Morton High School - Pierian Yearbook (Richmond, IN)

 - Class of 1936

Page 1 of 170


Morton High School - Pierian Yearbook (Richmond, IN) online yearbook collection, 1936 Edition, Cover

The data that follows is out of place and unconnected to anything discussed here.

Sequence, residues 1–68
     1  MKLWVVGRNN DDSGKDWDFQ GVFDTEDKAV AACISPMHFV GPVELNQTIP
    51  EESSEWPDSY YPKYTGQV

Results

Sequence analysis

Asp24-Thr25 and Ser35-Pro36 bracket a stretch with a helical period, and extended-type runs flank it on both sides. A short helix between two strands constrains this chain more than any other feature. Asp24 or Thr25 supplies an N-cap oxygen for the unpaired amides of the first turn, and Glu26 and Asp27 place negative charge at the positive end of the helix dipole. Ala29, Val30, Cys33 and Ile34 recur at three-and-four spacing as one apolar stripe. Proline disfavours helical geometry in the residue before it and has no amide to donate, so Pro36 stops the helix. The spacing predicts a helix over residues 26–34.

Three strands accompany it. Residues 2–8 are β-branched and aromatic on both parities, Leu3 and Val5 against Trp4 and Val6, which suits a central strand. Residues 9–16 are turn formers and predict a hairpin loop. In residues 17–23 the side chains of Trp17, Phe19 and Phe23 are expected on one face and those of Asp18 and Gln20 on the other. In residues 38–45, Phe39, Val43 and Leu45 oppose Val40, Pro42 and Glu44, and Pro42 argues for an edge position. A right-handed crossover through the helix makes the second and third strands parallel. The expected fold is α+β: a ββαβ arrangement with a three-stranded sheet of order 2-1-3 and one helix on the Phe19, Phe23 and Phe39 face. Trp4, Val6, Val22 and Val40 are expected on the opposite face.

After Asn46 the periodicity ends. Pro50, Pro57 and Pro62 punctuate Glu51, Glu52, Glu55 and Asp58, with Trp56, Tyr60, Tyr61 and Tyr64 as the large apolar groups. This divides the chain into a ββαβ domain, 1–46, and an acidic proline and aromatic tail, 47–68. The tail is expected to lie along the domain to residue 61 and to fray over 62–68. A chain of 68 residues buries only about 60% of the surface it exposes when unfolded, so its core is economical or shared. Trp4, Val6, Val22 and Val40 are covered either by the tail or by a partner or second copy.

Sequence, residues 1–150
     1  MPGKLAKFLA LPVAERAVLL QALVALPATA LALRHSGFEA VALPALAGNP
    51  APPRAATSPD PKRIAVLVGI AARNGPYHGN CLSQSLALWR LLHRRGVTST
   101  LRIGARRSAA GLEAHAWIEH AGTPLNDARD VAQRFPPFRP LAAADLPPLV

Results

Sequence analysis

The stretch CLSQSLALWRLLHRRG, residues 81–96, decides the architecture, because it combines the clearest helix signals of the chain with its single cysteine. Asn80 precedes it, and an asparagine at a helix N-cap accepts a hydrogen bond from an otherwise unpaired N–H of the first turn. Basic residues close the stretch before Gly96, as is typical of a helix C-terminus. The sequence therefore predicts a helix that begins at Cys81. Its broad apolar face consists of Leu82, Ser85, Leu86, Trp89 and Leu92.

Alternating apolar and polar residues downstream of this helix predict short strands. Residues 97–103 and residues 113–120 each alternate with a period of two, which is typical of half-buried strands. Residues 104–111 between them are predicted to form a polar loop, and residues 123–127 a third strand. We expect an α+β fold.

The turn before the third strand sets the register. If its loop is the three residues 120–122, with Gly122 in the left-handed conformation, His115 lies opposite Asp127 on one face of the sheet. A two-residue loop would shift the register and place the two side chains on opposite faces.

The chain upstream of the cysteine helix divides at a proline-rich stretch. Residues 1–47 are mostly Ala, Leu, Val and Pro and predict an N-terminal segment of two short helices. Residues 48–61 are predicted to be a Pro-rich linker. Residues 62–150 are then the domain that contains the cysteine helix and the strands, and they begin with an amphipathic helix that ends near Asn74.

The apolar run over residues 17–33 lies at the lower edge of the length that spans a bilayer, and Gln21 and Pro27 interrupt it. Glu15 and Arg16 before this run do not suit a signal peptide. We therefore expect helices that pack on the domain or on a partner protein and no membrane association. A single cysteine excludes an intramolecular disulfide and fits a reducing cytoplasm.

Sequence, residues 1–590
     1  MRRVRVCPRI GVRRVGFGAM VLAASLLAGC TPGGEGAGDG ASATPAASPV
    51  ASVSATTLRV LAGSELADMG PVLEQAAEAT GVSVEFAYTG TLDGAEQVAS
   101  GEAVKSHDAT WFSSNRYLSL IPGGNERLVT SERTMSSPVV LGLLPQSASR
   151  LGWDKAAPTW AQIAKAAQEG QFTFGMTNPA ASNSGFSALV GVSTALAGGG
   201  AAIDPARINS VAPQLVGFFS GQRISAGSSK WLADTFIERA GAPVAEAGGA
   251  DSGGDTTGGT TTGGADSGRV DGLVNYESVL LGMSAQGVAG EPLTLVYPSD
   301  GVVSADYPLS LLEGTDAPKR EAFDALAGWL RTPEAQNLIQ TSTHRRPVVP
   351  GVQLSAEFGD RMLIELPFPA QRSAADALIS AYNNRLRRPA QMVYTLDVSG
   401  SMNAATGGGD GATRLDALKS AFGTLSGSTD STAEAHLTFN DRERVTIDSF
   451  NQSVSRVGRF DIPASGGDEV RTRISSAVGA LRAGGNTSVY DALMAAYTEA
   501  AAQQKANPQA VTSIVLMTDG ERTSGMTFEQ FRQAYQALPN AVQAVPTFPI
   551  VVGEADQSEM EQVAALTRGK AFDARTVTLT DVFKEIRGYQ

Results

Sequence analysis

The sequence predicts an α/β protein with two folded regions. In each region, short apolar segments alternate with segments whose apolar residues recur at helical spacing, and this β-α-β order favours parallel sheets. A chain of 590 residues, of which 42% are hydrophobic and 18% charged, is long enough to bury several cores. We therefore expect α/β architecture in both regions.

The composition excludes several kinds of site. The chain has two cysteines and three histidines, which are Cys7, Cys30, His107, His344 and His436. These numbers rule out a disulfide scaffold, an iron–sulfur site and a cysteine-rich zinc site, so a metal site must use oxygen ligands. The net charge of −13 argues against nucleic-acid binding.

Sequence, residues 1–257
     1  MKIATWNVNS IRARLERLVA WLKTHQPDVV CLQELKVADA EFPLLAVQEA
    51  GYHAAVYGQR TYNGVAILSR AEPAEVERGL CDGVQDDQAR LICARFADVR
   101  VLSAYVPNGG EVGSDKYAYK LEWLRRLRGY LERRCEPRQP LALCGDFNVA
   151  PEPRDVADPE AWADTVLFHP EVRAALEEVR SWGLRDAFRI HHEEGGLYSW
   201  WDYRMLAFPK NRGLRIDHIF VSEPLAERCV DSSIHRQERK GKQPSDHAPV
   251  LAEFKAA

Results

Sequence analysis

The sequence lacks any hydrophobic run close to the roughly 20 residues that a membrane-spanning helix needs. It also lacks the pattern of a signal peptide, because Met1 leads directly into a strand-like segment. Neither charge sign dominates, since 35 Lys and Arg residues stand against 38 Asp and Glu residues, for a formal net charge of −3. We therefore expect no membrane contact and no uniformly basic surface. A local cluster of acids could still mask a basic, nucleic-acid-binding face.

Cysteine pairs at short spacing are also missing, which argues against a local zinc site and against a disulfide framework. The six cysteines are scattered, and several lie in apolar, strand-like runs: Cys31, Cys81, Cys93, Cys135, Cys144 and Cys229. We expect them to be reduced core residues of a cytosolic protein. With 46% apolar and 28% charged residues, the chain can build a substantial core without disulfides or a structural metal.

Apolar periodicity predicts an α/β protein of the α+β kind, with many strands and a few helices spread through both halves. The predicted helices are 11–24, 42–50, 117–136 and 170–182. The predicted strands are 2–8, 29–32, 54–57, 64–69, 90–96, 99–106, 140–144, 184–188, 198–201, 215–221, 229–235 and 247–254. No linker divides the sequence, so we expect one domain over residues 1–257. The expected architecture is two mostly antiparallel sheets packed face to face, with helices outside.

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Text from Pages 1 - 170 of the 1936 volume: